VOICES: ‘Musical missionary’ engages neglected and forgotten through music

Editor’s Note: This is part of a monthly series from Rodney Veal that shares insights and stories from artists and creatives from all corners of our community. As the host of ThinkTV/CET Connect for nine years and a lifelong artist in his own right, Veal has a front-row seat to the impact our arts community has on the wellbeing of our region. With this series, Ideas & Voices hopes to inspire readers to pursue their own creative endeavors and to support those who make our community better through their artistic contributions.

While scrolling through my Facebook news feed a few days ago, I saw a notice highlighting World Sarcoidosis Day. I paused for a moment, having not thought about it in a while.

It has been just over twelve years since my diagnosis; I contracted this auto-immune that wreaked havoc on my liver and digestive system, which led to a recovery process so intense that I regained sixty pounds that had been lost as my body was shutting down.

I was consumed by an unshakeable faith and desire to live just a little bit longer. For two years, I didn’t dance, craft works of art, or even consider any creativity at all. The only solace I was granted was listening to an eclectic music playlist that included songs that ranged from Samuel Barber’s Adagio for Strings to the Aretha Franklin catalog. The sweeping sound of the Georgia Mass Choir backing Whitney Houston gave me hope for more time to experience the electricity of creating, the vitality of collaborating and connecting with other kindred spirits and artists who know the power of art to change the world. Hearing Jessye Norman sing, “He’s got the whole world in his hands,” became the sound that healed this broken body and restored my faith. Music can truly save lives and heal.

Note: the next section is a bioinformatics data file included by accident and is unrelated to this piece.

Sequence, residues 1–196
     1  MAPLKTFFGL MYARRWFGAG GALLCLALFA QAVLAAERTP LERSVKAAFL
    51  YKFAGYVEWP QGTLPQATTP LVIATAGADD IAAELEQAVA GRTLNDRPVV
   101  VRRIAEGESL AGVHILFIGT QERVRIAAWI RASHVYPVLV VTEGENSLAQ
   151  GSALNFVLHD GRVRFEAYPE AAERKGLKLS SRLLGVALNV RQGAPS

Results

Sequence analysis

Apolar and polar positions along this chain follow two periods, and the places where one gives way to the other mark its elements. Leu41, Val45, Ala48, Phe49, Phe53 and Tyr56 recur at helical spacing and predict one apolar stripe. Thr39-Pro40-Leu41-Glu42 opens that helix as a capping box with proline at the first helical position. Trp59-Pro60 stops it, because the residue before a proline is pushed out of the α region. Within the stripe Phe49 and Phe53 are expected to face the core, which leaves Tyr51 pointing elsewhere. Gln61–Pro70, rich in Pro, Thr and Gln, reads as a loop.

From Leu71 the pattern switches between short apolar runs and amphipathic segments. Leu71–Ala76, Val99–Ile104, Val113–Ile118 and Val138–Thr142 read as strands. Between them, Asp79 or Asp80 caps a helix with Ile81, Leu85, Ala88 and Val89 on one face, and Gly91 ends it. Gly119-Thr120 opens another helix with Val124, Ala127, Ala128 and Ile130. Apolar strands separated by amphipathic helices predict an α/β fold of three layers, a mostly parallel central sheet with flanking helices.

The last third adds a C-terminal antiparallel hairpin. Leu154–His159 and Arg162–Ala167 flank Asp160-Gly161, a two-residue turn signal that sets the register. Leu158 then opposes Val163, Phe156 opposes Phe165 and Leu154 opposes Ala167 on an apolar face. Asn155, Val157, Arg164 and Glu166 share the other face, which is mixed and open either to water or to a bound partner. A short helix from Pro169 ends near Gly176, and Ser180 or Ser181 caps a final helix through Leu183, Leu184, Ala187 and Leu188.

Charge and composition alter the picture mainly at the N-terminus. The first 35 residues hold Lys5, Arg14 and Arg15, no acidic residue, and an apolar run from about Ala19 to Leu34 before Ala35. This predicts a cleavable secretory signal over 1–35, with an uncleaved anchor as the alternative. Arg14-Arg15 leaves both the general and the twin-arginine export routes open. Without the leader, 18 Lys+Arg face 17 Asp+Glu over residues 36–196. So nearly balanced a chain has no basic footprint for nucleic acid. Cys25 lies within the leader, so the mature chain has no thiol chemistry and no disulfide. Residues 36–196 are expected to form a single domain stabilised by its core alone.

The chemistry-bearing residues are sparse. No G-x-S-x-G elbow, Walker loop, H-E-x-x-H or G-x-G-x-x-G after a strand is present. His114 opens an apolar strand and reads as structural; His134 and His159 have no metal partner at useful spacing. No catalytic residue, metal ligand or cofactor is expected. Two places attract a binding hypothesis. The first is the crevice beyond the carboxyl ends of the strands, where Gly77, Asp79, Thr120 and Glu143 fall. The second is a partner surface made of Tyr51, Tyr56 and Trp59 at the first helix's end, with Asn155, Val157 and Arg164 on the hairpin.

The World House Choir, under the direction of Dr. Cathy Roma, is proving this point and has been for over twelve years. Under her direction, The World House Choir has brought together folks from all parts of the community, believing that music can motivate and inspire our community to seek peace, justice and equality. People from all walks of life come together at Antioch College, joining their voices in a life-affirming chorus that celebrates our humanity and the power of connectivity. To be in the presence of Dr. Roma is to encounter a true force of nature and a purpose-driven spirit who can move mountains in the pursuit of a higher calling. I’ve had the tremendous privilege of hearing the choir in action on numerous occasions. Each time, I came away from each performance inspired and engaged, just a little less cynical and more empowered by hope.

If her work with the World Choir wasn’t impressive enough, she has for decades worked with the incarcerated and often marginalized people held in our prison systems. Cathy has become a musical missionary, seeking to engage the neglected and forgotten and giving them their voices back through music. She is restoring their humanity and, in turn, ours. Redemption through art and music is possible and necessary in these increasingly turbulent times.

Cathy and I recently had a chance to catch up over lunch and share projects we are working on and how our lives are going. We talked about the power of the new Beyonce Album, the activism of Bayard Rustin and the latest concert coming at the end of the month, “Weather: Stand the Storm,” which is being performed and presented at the Foundry Theatre in Yellow Springs. We laughed, shared notes, and dreamed of future music and dance collaborations. Just like listening to the World Choir, our conversation elevated my spirits. As I drove away to my next appointment, I thought about the restorative power of my musical playlist in healing from Sarcoidosis, and a thought flashed through me: What if everyone had access to a collective restoration through the power of music? To see the power of community in action? In a few weeks, everyone in our community will have that opportunity to be inspired and hopeful.

Rodney Veal is the host of thinkTV/CET Connect and President of the board of OhioDance.

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